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Lockbit Cybercriminal Group Strikes Again: What Is The Digital Extortion Gang And Its Origins

Lockbit, a formidable cybercriminal group, originating in the Netherlands, has targeted major global organizations, including Boeing and ICBC, employing ransomware and a network of affiliates, creating a challenging cyber landscape.



NEW DELHI: In a wave of cyberattacks, the notorious Lockbit group has recently targeted some of the world’s largest organizations, leaving them scrambling to protect their sensitive data or face the consequences. The group, which surfaced in 2020, has quickly risen to become the leading ransomware threat globally, disrupting over 1,700 American organizations across various sectors.

Lockbit’s Origins and Motivations

Originally detected in 2020 through its eponymous malicious software on Russian-language cybercrime forums, Lockbit has established itself as a formidable cyber threat. While initially believed to be based in Russia due to its presence on Russian-language forums, the group claims to operate from the Netherlands, emphasizing its apolitical stance and singular interest in financial gains.

“We are located in the Netherlands, completely apolitical and only interested in money,” states the group on its dark web blog, Reuters reported.

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Lockbit’s Global Impact

Lockbit’s global reach is undeniable, with its latest victim being the defence and aerospace giant Boeing. The group leaked internal data obtained from breaching Boeing’s systems, adding to its list of high-profile targets, which earlier included the financial trading services group ION. This disruptive hacking activity has affected organizations worldwide, from banks and brokerages to schools, transportation, and government departments.

Modus Operandi: How Lockbit Operates

Lockbit employs ransomware, a malicious software that encrypts an organization’s data, coercing victims into paying a ransom to decrypt or unlock it. The demanded ransom is typically in the form of cryptocurrency, providing anonymity to the recipients and making tracking more challenging for authorities. Lockbit’s dark web blog showcases an ever-expanding gallery of victim organizations, each accompanied by a digital clock counting down the days until the ransom deadline.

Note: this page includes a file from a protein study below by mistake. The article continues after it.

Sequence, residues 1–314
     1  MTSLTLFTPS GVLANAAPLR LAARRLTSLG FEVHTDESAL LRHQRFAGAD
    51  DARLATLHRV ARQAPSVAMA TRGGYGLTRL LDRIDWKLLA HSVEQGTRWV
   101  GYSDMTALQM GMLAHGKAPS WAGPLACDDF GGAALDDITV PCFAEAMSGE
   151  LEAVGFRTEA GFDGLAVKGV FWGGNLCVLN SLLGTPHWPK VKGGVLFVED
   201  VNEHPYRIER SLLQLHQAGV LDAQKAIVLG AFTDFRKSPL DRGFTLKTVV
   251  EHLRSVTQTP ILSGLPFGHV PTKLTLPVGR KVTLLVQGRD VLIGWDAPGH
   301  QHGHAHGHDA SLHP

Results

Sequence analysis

Affiliates and the Web of Cyber Alliances

The success of Lockbit’s operations is intricately linked to its network of ‘affiliates’—like-minded criminal groups recruited to execute attacks using Lockbit’s digital extortion tools. On their website, the gang proudly displays its hacking achievements and outlines a set of rules for potential cybercriminal collaborators. The alliance between these criminal groups complicates tracking efforts, as each attack may employ different tactics and techniques.

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Global Response to Ransomware Threats

Governments and cybersecurity alliances, including a 40-country alliance, are actively collaborating to curb the global surge in ransomware attacks. Intelligence sharing on cryptocurrency wallet addresses aims to hinder criminals like Lockbit. Behind-the-scenes negotiations between victim organizations and cybersecurity firms are common, with experts working tirelessly to identify leaked data and negotiate ransom amounts.

As the Lockbit group continues to wreak havoc on organizations globally, the cybersecurity landscape faces an ongoing battle to stay one step ahead of these digital extortionists. The need for international cooperation and innovative cybersecurity measures is more crucial than ever to protect sensitive data and mitigate the impact of these relentless cyber threats.

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